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#2233082 - 02/17/14 10:51 AM Where Estonia Differs
JonathanNV Online   content
Full Member

Registered: 01/30/14
Posts: 20
Loc: Las Vegas
Given an Estonia piano is hand-crafted and its manufacture uses the finest German components, I am curious -- what is "it" physically that makes certain German brands (e.g., Bluthner, Grotian and Sauter) superior pianos?
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Jonathan
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Proud owner of an Estonia L168

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#2233096 - 02/17/14 11:22 AM Re: Where Estonia Differs [Re: JonathanNV]
Minnesota Marty Offline

Platinum Supporter until October 5 2014


Registered: 05/15/12
Posts: 7439
Loc: Rochester MN
Quality - pure and simple.
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Marty in Minnesota

It's much easier to bash a Steinway than it is to play one.

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#2233105 - 02/17/14 11:34 AM Re: Where Estonia Differs [Re: JonathanNV]
rlinkt Offline
Full Member

Registered: 07/08/12
Posts: 320
Loc: CA
I think its pointless to pursue a question like this. The general consensus seems to be that Estonias are very well made pianos. Very few people except designers like Del would know if the systematic claim about superiority is even true from a design / construction perspective. IMHO just play the two pianos and decide which one is better to you. And limit that judgment to just those two specific pianos that you compared.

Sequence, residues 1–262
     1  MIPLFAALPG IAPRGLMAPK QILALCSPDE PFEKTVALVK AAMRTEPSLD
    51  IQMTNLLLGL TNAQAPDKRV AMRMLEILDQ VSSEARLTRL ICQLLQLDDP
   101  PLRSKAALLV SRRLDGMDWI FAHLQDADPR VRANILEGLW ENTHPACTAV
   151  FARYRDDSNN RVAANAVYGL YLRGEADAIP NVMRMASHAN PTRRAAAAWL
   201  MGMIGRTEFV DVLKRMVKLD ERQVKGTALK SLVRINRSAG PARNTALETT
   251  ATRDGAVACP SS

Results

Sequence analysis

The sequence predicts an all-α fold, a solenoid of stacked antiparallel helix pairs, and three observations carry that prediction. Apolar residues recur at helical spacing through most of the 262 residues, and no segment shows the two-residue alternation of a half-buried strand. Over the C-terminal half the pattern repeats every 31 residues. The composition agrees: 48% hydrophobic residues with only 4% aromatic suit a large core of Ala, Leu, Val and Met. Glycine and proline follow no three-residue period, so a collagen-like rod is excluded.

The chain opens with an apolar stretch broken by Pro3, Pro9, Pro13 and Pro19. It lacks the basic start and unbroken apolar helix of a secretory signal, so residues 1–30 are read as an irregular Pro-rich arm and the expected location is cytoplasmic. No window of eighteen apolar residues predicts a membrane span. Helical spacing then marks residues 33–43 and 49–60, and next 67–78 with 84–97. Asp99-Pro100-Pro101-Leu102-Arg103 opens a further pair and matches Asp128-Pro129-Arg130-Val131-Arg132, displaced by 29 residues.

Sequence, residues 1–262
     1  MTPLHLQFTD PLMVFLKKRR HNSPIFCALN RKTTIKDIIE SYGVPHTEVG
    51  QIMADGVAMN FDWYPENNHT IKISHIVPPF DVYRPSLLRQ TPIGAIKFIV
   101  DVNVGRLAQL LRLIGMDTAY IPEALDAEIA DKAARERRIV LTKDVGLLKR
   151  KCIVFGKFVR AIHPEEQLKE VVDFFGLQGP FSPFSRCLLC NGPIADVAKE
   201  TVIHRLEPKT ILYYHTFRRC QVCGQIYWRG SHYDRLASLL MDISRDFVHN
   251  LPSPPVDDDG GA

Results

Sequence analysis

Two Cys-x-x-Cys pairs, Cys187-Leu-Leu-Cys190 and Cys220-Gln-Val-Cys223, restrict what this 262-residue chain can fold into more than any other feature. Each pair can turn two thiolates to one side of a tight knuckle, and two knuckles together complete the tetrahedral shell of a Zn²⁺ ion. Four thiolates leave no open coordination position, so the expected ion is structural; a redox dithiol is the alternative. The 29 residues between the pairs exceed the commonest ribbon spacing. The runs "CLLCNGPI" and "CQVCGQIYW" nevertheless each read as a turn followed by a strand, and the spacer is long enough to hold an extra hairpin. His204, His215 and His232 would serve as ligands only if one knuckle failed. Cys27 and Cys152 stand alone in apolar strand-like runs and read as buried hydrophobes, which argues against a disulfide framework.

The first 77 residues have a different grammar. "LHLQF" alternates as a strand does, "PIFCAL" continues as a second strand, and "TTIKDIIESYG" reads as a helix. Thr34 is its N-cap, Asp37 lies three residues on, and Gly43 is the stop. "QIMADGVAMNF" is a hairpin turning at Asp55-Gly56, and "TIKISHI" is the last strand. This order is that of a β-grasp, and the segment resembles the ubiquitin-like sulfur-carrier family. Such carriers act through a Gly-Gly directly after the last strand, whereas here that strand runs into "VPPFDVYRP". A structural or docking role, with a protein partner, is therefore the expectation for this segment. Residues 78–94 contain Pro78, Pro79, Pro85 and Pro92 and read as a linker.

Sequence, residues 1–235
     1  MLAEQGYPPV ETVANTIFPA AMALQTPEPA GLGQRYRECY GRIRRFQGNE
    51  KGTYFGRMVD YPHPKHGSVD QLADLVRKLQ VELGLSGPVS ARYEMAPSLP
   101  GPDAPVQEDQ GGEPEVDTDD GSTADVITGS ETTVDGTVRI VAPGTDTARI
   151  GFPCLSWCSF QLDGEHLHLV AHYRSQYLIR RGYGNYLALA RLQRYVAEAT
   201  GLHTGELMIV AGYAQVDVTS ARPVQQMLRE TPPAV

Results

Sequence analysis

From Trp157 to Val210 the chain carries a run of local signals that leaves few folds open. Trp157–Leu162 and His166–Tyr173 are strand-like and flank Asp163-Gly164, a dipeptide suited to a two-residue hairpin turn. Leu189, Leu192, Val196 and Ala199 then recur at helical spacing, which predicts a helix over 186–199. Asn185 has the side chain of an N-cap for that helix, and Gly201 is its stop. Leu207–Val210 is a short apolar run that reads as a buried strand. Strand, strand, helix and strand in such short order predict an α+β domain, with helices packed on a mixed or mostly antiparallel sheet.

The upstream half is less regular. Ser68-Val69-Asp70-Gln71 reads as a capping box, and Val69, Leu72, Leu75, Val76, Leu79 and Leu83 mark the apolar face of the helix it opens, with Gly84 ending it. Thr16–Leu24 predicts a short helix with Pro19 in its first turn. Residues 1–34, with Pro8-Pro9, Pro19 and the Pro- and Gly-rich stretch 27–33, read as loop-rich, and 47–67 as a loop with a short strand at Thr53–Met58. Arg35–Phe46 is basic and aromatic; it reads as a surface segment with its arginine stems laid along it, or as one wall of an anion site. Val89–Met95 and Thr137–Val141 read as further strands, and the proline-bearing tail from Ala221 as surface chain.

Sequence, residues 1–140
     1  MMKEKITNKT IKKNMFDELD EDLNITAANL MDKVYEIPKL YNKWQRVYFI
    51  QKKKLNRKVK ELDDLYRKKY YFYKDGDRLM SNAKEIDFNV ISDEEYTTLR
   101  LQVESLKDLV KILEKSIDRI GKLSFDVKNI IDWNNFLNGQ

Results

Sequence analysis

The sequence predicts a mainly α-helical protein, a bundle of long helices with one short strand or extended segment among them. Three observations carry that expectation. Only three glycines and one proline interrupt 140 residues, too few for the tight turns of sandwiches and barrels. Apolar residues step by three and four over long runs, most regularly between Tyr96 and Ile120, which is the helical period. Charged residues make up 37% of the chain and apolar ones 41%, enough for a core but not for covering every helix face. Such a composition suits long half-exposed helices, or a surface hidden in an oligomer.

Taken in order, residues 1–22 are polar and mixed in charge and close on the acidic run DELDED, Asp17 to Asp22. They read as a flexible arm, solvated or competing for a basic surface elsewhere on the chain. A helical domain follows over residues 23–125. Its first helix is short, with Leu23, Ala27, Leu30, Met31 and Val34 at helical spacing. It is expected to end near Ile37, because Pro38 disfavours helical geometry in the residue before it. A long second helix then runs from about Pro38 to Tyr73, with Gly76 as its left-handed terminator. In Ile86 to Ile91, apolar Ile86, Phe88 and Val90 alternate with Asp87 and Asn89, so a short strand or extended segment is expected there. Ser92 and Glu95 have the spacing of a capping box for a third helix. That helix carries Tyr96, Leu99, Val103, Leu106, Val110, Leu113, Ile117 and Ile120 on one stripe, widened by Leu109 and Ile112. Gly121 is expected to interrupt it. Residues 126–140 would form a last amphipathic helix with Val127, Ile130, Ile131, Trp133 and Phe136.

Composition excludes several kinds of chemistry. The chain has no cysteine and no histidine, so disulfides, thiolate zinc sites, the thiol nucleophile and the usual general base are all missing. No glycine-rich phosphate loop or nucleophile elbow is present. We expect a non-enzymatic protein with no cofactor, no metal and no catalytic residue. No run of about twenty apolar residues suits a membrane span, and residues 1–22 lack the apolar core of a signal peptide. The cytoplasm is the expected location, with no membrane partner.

I will tell you that having heard a Steingraeber and an Estonia next to each other recently, as lovely the Estonia was, there was some magic in that Steingraeber.


Edited by rlinkt (02/17/14 03:56 PM)

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#2233123 - 02/17/14 12:09 PM Re: Where Estonia Differs [Re: JonathanNV]
terminaldegree Online   content
2000 Post Club Member

Registered: 05/03/06
Posts: 2779
Loc: western Wisconsin
Originally Posted By: JonathanNV
Given an Estonia piano is hand-crafted and its manufacture uses the finest German components


The funny part about this is the advertising/marketing for nearly every piano sold in North America pushes the same line, from the cheapest to the most expensive.

The proof is in the finished performance. It's some combination of good design, good components, good quality control, and good finish prep work by a technician.

You have to compare it against other great european, asian, and american pianos to make an informed decision. Also compare it against pianos of similar price for perspective.
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#2233192 - 02/17/14 02:09 PM Re: Where Estonia Differs [Re: JonathanNV]
phantomFive Offline
1000 Post Club Member

Registered: 01/11/14
Posts: 1642
Loc: California
Piano Buyer Guide has a good discussion here.
Quote:
"Even those responsible for the technical design of pianos often can’t agree on which features and specifications produce the best instruments!"

The primary difference you will find between (for example) Steingraeber and Estonia is the design of the scale. Steingraeber has chosen to make the tone of each note as similar as possible, clear and ringing, like a bell. Estonia has made their pianos clear and crisp in the treble, but with a softer attack and more 'overtones' in the bass, to give it more 'color,' much like Steinway.